A friend recently sent me a self-produced zine entitled Small Wave Hellman. I loved the title because, if nothing else, it acknowledges that not every surfer goes through his or her life in pursuit of waves that would have made Greg Noll soil his patented jailhouse shorts. Some of us—many, in fact—are content to spend our surfing careers riding waves that we can see over.
Nice enough – but not for me
My wave height preference varies depending on what type of surfcraft I’m riding. On surfboards, I’m more than happy to avoid the barreling, spit-throwing waves. I don’t ride shortboards, so what on Earth do I think I could possibly do on WCT-worthy wave with a longboard or mid-sized hull . . . other than get hurt, embarrassed or both?
When I ride my surf mats, though, I am almost fearless. I will huck myself over a ledge and drop into bombs that I would never surf on a board. One of my fears when surfing a board in larger surf is that a good wipeout will result in me getting seriously injured by the board while we’re both being worked. (When I saw the pictures of Keala Kennelly’s face after a recent wipeout at Teahupoo, I knew my fears were justified even though I would never ride a wave that large and powerful.)
Part of what prevents me from pursuing larger waves is the fact that I am an admitted shape whore. I don’t keep score when I surf; I have no interest in catching more waves than the person next to me. I am more interested in catching the wave that will give me quality face time. As a result, size doesn’t matter. (I’m talking surfing, people, not matters of the heart . . . er, libido.) When the waves are pumping at Beach A, delivering overhead bombs that test one’s mettle, you can inevitably find me at Beach C riding smaller waves that quietly peel across the beach.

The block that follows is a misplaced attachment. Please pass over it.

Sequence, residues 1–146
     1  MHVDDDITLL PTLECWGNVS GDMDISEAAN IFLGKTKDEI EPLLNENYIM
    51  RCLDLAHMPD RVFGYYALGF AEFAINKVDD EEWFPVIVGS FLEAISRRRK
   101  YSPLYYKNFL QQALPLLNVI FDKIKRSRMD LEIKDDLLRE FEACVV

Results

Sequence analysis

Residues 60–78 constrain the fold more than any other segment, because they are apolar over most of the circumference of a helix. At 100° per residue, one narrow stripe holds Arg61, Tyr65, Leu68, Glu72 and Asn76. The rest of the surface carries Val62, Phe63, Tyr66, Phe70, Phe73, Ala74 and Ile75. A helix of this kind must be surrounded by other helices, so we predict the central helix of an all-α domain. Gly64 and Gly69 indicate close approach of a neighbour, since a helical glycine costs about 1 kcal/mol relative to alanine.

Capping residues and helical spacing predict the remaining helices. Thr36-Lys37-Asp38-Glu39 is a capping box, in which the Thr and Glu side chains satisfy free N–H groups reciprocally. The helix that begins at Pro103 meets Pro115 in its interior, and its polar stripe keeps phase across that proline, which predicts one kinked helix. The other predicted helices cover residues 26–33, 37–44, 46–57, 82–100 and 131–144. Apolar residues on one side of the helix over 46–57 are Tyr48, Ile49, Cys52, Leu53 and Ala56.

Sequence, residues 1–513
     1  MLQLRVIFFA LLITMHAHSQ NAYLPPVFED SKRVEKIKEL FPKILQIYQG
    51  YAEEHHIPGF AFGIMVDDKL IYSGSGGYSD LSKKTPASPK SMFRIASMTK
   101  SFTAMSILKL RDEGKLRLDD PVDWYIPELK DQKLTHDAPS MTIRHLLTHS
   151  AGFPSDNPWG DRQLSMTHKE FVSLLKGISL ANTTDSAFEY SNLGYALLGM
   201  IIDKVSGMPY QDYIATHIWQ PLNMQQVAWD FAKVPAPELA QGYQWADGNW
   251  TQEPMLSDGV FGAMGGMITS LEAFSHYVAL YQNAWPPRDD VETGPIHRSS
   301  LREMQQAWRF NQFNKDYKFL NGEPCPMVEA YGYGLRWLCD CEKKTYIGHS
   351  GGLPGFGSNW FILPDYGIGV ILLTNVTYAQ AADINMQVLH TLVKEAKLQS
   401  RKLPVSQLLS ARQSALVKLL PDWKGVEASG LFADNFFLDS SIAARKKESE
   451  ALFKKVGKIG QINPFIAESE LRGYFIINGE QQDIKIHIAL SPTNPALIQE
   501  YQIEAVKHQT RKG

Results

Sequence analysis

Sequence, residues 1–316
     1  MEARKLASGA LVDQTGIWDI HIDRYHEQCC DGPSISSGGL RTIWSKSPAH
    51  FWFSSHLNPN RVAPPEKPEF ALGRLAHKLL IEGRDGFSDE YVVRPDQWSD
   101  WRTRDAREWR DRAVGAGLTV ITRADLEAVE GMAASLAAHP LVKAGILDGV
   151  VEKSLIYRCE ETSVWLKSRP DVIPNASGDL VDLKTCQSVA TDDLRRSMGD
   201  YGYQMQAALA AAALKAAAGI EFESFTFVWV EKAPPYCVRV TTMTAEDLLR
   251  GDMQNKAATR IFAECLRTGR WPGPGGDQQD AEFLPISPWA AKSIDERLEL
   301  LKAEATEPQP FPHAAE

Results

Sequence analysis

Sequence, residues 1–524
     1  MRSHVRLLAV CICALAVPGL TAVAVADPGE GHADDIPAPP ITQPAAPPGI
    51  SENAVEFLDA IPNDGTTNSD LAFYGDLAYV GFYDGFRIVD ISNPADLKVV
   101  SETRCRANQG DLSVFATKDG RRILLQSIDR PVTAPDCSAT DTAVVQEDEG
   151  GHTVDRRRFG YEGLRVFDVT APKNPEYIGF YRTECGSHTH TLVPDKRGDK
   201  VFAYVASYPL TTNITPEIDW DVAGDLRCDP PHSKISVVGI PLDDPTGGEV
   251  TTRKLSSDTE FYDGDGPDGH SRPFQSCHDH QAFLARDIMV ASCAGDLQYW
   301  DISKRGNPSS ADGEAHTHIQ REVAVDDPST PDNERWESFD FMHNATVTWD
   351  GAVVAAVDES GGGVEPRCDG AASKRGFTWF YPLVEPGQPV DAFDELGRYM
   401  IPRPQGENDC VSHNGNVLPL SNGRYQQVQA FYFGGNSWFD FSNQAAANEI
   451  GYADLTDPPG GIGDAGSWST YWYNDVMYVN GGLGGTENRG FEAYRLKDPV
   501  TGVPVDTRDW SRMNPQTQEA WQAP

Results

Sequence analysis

I’m no thrill-seeker. I’m perfectly happy to go to my grave never having been inside the “green room”. I will leave that experience to the men and women who get paid to have themselves photographed in waves that allow them to stand up straight with outstretched arms. My joy is in being able to get up and surf almost every day of the week. Being able to say I surf on an almost daily basis provides me more happiness than being able to say I once (or twice or several times) rode a wave so enormous that dropping in took my breath away.
Small wave hellwoman . . . and proud of it!!
How about you? What’s your wave height limit?
Surfsister Mary Mills will be back at the same time next week.Greg Noll, Small Wave Hellman, Small Wave Hellwoman